US (2021) Dir. Shawn Levy
For years we’ve had films in which real life people end up trapped inside computer/video games – anime has been milking that concept for the past decade with no signs of letting up. Now, we have something of a twist on that premise: a video game character who becomes real in his virtual world.
Guy (Ryan Reynolds) is a bank clerk in Free City, living the same life day after day in which his bank is robbed by armed gunmen then he goes home to his pet goldfish Goldie after drinks with his best friend, security guard Buddy (Lil Rel Howery). For all intents and purposes, this is a real world for them, but in reality, they are disposable background characters in the popular online game Free City.
Meanwhile, Millie Rusk (Jodie Comer), a game creator whose codes for Free City where stolen by mogul Antwan Hovachelik (Taika Waititi) is trying to find traces of her original code in the game to prove Antwan’s theft. One day, Guy is enchanted by Millie’s game character MolotovGirl and in order to impress her, decides he is going to do something different, creating chaos among the gaming community whilst serving as a powerful ally for Millie.
I don’t know if I have said this before in my reviews but I am not a gamer. I did once have a Super Nintendo 25 years ago (which is gathering dust in my loft), but I only played simple games like Super Mario et al. The games people play today are baffling to me whilst the gaming community is a fire-breathing monster I dare not prod, which would make a film like Free Guy an ill fit for me.
However, it did get glowing reviews so I thought, “Why not?”, although I wonder how many of them were from gamers or Ryan Reynolds fans. Admittedly, a lot of the bespoke references and dialogue went over my head but luckily, this film is accessible as a crowd-pleasing comedy for us outsiders too. Much like how animated fare like Wreck It Ralph is able to entertain both sides of the gaming fence, so does this film.
The first bit of gaming lingo introduced to us is NPC, which means non-player character, in other words one of the periphery characters the protagonist gets to shoot, beat up, or ignore. Guy is an NPC but doesn’t realise it and nor should he because he doesn’t exist, yet Free City is real to him, so I suppose he does exist since he is cognizant of the fact he wakes up every day, goes to work, drinks the same coffee, and so on.
Because this is a film, we are forced simply to accept this paradox of a fictional character thinking he is real and the fact we can follow his daily routine along with everyone else in Free City as if it was real. The characters played by gamers are larger than life with distinctive appearances, such as masks, crazy hairstyles, and an arsenal of dangerous weapons.
Except for MolotovGirl, who is Millie with short dark hair, glasses, and an English accent. The glasses are crucial as they represent the computer screen game play for the wearer, when Guy decides to steal a pair from a bank robber, he finds a whole new perspective to Free City. Guy’s sentience gives Millie hope that her original code is still alive in the game, but like everyone else, she thinks Guy is a hacker not an AI.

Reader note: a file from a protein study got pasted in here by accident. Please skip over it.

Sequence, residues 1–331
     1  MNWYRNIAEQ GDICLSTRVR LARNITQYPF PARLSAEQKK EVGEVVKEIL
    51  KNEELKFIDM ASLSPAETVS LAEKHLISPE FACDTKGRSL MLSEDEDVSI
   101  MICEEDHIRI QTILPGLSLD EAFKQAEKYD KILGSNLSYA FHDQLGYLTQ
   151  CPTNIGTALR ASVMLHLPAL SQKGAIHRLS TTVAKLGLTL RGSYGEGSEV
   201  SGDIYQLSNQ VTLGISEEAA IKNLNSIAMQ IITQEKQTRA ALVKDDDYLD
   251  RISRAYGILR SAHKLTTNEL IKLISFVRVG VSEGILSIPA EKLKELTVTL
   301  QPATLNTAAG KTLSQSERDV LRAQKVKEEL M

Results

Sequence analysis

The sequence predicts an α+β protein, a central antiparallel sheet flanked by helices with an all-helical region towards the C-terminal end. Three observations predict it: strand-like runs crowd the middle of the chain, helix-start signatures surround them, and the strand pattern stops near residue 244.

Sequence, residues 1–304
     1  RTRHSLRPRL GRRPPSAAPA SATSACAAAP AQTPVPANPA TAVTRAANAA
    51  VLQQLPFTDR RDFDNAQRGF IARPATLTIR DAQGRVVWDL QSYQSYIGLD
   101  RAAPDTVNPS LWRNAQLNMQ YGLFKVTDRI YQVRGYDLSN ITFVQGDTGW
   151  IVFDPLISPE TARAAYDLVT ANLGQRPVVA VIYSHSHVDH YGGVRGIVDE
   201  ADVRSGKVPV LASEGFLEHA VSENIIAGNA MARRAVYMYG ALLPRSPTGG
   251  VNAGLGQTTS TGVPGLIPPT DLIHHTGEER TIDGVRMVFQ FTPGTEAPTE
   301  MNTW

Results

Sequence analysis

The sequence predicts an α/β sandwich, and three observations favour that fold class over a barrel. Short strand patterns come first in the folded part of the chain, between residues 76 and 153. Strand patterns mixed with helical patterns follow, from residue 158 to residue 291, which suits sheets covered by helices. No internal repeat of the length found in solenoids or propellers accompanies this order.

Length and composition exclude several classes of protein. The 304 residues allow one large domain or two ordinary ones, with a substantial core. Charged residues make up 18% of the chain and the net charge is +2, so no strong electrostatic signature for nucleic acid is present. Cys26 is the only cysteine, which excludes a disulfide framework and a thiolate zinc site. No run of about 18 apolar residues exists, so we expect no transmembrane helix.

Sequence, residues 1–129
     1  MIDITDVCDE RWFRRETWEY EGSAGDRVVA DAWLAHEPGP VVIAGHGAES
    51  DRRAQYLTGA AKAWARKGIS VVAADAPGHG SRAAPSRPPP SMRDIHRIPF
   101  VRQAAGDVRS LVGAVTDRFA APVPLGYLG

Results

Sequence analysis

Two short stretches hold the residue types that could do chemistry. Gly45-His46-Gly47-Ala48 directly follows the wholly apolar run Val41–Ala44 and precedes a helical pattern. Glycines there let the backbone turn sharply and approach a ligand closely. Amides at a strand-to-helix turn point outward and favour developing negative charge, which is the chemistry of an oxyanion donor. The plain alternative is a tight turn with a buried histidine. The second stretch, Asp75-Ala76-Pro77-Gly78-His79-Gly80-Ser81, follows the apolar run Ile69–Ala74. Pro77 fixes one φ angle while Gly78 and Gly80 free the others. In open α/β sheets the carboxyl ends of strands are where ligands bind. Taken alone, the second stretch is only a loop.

She encourages him to “level up” and score points but by being a hero not a villain, and soon this Blue Shirt Guy is a hit with the community for disrupting the game. Not everyone is pleased however, Antwan of Soonami Games is aware of Millie’s impending lawsuit and is planning to launch Free City 2, not as a sequel but as a replacement. This leaves Millie and Guy 48 hours to find the code.
Admittedly, there is something quite fun about subverting the gaming genre to tell a story which imparts a worthy message regarding how we shouldn’t ignore the support cast who make the world go round for the main players. Look into the subtext, and Guy could be that checkout cashier who spends 8 hours a day with groceries passing before their eyes, whilst for shoppers this is a once a week experience.
Running concurrently to this is the corporate bully vs. the creative worker drone theme, positing the antagonist in this fantasy tale very much in the real world. Millie is not alone in the real world though, her co-creator Keys (Joe Keery) still works for Antwan, feeding Millie insider information whilst saving her bacon under Antwan’s nose. Oh, and Keys is in love with Millie because of course he is.
One thing the duel world affords the film is plenty of ridiculous action sequences set in a “real” environment yet are excessively implausible like a video game, allowing gamers to get that adrenaline rush without having to lift a finger (or thumb). With this being a Disney production, a fight between Guy and a muscular clone named Dude features what I suppose is a parade of intellectual property cameos in the weapons Guy uses.
Cameos of the human kind crop up to bolster the star power of Reynolds and Comer, some in person like Channing Tatum, others via their voices like Dwayne Johnson and Hugh Jackman. Noted gaming YouTubers also appear, not that I would know who they are anyway. Reynolds is Reynolds, whilst Comer is far too good for this type of role, the insipid romantic ending being way beneath her.
Free Guy is a fun film whether you are a gamer or not although the 114-minute runtime is excessive for what could have been achieved in 90 minutes. It may carry a worthy and pertinent message that demands heeding but ultimately, this is undemanding, escapist, popcorn entertainment to the very end.